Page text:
--Matt Garza, in his 3 years in Tampa, went only 34-31, but had a strong 3.86 in the tough AL East, compiling a 9.5 WAR. Garza was traded this past offseason to the Cubs, for a variety of prospects, so he is still providing a return for the Rays. Jason Bartlett also spent three years as a Ray, going .288/.349/.403, good for a 6.6 WAR.
--Delmon Young has continued to be a work in progress. Still only 25 years old, Young has a .288/.324/.434 so far in his Twins career, though when combined with his poor defense has been good for only a 1.5 WAR. After what appeared to be a breakout year in 2010 (.298/.333/.493), Young has been hurt and ineffective in 2011. Young's problem continues to be his proclivity to swing and miss at curveballs low and away. Last year, having his best season, Young struck out 81 times and walked only 28.
--Harris and Pridie both provided minimal value in their time in Minnesota, totaling WARs of -.5 apiece. Harris was traded to Baltimore in the Hardy/Hoey trade, while Pridie signed with the New York Mets before the 2010 season.

So, if you have your scorecards out, the net of Smith's biggest trades brought them 6 WAR, while they gave up 30.9. Worst of all, the Twins have only one player on their major league roster to show for trading Johan Santana and Matt Garza. This, and not the Mauer/Morneau situation, is why the Twins stink right now. They've had value, and gotten nothing in return for it.

In the interest of fairness, there have been other, minor trades that Smith has made, some of which have gone their way.

--At the 2009 trading deadline, the Twins acquired Carl Pavano from the Cleveland Indians for pitcher Yohan Pino. Pino has since moved on the Blue Jays organization and has not yet pitched in the majors, while Pavano, despite a rough go in 2011 so far, has a 3.8 WAR in his time with the Twins, with a 4.24 ERA in 342 innings. It is fair to question the wisdom of giving Pavano anything more than a one year contract, particularly in light of his strikeout rates, but this trade ended up benefitting the Twins in 2009-2010. (Aggregate +3.9 WAR)

--In the 2009-10 offseason, Smith traded Boof Bonser to the Red Sox for Chris Province. Bonser had a -.2 WAR for the Red Sox, while Province has not pitched in the majors. More importantly, this trade made it impossible for Ron Gardenhire to continue his infuriating trend of continuing to use Bonser in high-profile situations, and then have to convince Bonser that it was "Boooooof" that Twins fans were chanting at him. (Aggregate WAR, somewhere between +.2 and infinity)

-When Jon Rauch was struggling last summer, Smith traded Wilson Ramon and journeyman minor league pitcher Joe Testa to the Nationals for Matt Capps. Capps served effectively as closer last year, and has taken the role again in 2011 with the ineffectiveness of Joe Nathan. Ramos has meanwhile been very effective as the Washington catcher. So, while statistically you can say that the Twins are ahead in this deal, with Capps' 1.4 WAR outpacing that of Ramos' .9, the Twins production at catcher in 2011 has been far BELOW replacement level. If Mauer ends up needing to move off of catcher long-term, the Twins may regret this move. (Aggregate +.5, with a huge asterisk.)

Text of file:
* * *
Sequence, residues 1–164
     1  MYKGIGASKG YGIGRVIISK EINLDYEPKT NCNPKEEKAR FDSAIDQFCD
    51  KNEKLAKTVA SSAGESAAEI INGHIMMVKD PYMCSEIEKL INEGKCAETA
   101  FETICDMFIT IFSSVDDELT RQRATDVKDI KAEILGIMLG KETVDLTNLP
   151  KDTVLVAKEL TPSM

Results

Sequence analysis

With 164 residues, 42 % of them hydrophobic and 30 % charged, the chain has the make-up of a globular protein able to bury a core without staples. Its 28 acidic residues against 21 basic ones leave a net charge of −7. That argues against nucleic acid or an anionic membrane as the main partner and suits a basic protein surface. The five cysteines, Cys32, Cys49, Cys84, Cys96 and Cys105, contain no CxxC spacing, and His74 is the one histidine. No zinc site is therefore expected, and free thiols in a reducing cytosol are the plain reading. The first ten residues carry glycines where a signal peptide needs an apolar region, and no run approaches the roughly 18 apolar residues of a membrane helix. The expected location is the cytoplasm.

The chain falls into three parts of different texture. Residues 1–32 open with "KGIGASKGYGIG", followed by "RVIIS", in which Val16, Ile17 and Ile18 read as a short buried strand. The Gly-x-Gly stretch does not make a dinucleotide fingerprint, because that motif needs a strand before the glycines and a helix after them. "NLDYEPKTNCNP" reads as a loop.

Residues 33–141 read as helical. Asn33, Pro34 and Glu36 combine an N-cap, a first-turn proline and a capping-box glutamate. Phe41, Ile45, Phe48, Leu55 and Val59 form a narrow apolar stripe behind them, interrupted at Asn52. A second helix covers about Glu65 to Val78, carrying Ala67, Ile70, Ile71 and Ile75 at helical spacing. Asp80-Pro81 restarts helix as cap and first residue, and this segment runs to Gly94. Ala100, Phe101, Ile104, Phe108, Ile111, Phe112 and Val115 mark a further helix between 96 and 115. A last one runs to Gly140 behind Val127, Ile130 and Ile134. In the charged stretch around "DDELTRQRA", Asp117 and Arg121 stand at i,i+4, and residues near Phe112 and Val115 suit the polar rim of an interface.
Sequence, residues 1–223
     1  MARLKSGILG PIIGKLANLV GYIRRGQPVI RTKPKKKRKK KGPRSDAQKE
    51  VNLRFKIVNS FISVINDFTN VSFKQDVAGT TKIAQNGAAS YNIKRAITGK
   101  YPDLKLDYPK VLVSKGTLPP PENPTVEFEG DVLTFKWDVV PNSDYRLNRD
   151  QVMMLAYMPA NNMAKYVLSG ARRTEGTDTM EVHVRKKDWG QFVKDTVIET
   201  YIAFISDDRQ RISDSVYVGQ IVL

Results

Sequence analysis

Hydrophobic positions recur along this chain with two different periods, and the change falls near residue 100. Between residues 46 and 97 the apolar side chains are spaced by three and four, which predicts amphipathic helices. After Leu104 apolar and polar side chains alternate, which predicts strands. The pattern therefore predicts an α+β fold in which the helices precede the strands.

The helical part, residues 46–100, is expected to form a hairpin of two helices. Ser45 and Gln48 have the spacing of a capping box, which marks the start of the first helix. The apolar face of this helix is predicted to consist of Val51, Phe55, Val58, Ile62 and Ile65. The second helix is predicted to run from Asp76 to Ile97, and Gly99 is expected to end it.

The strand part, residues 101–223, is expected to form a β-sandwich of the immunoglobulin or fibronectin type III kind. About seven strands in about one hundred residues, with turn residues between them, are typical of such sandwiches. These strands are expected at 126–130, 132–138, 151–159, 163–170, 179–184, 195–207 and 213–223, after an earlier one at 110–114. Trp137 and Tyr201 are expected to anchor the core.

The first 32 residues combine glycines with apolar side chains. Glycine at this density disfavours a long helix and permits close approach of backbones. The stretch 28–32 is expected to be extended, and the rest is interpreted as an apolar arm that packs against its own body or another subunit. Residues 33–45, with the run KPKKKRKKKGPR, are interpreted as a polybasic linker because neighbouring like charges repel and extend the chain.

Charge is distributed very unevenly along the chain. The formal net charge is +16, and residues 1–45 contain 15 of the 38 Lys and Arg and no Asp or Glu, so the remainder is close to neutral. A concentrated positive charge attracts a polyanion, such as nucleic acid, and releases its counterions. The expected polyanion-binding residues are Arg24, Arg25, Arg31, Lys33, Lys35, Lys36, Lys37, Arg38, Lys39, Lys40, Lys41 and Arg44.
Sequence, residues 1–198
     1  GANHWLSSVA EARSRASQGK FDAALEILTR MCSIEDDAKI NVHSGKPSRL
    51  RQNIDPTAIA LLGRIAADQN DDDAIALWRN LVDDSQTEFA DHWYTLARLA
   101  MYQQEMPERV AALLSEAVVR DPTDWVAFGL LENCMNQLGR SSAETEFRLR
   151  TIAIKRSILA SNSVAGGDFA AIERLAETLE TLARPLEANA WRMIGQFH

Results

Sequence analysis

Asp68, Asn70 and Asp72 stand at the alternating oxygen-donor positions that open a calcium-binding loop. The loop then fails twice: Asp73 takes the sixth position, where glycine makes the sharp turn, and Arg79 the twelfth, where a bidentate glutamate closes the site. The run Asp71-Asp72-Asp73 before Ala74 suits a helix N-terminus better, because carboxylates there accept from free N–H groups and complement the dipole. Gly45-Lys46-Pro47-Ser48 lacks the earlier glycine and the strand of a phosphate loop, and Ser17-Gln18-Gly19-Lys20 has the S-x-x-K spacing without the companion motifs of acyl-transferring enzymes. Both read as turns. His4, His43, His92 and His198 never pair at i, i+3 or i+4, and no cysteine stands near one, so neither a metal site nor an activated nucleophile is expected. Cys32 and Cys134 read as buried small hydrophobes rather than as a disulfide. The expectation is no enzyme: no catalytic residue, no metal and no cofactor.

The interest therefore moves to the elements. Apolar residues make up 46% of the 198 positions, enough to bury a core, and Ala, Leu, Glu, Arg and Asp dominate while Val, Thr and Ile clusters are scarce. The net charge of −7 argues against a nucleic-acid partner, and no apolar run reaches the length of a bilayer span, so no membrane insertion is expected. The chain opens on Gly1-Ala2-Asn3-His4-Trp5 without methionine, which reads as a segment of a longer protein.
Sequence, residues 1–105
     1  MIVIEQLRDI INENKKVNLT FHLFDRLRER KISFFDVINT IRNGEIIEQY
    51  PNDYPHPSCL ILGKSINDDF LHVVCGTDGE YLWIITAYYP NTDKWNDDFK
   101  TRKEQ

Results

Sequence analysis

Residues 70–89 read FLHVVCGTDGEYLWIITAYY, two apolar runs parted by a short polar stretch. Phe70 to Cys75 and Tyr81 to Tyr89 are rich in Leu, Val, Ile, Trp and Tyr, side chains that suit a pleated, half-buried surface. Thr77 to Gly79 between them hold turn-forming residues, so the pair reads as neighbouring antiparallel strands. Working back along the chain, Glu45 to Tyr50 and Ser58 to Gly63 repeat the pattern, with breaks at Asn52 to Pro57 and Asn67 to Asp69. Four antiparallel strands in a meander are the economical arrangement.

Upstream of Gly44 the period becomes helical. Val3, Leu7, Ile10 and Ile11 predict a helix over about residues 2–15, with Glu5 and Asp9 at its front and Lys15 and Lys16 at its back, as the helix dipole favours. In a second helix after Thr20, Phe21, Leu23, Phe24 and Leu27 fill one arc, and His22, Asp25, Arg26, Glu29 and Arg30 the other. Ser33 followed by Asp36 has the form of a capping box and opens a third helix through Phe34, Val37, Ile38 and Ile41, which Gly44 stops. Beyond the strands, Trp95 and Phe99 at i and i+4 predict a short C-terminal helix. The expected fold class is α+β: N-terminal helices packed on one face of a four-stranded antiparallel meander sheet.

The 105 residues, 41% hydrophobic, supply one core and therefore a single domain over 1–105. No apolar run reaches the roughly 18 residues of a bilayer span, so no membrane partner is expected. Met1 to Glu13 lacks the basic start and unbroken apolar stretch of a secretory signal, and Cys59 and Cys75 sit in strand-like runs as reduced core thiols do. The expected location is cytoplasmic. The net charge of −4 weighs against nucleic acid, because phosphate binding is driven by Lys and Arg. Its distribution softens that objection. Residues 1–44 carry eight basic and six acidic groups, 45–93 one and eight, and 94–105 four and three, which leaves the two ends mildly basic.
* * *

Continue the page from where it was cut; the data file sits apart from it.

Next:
--Also at the 2010 Trade Deadline, the Twins traded Dutch 7'1" minor league reliever Loek Van Mil for Brian Fuentes. Fuentes was effective in 9 appearances before getting hurt, and signed with the A's this offseason. (Aggregate WAR +.6 WAR, though without the awesomeness of having a ridiculously tall relief pitcher in their system).


So, in total, the Twins have traded 32.5 WAR in exchange for 11.8. More importantly the Twins have very little to show for these deals, getting no present production in exchange for Johan Santana, and inconsistent production in exchange for Matt Garza. Combined with Smith's ineffectiveness at compiling organizational depth, particularly at catcher and in the middle infield, it is likely that he's going to be on the hot seat in the coming months. In an organization that accentuates stability, any decision on Bill Smith will be heavily considered. And it's fair to call this unfair, if this does turn into his first losing season in four years running the club. However, if the Twins do fall out of contention, it will be important to see what kind of return Smith can get on some of his veteran talent.
Of course, it's not clear that Smith has any idea how to rebuild his baseball team. One of his most infamous quotes is discussed in brief here at the brilliant, defunct "Fire Joe Morgan" page.

Side note: Statistics, including WAR, are from I know some don't care for B-R's WAR calculations. I find them to be quite accurate for pitchers, a little bit more inconsistent for position players, particularly because of the way they rate defense. For the case of this exercise though, fangraphs and everywhere else aren't going to have numbers that deviate much from the point here. Since the most valuable aspects of the trade are pitchers Garza and Santana, I went with B-R.

No comments: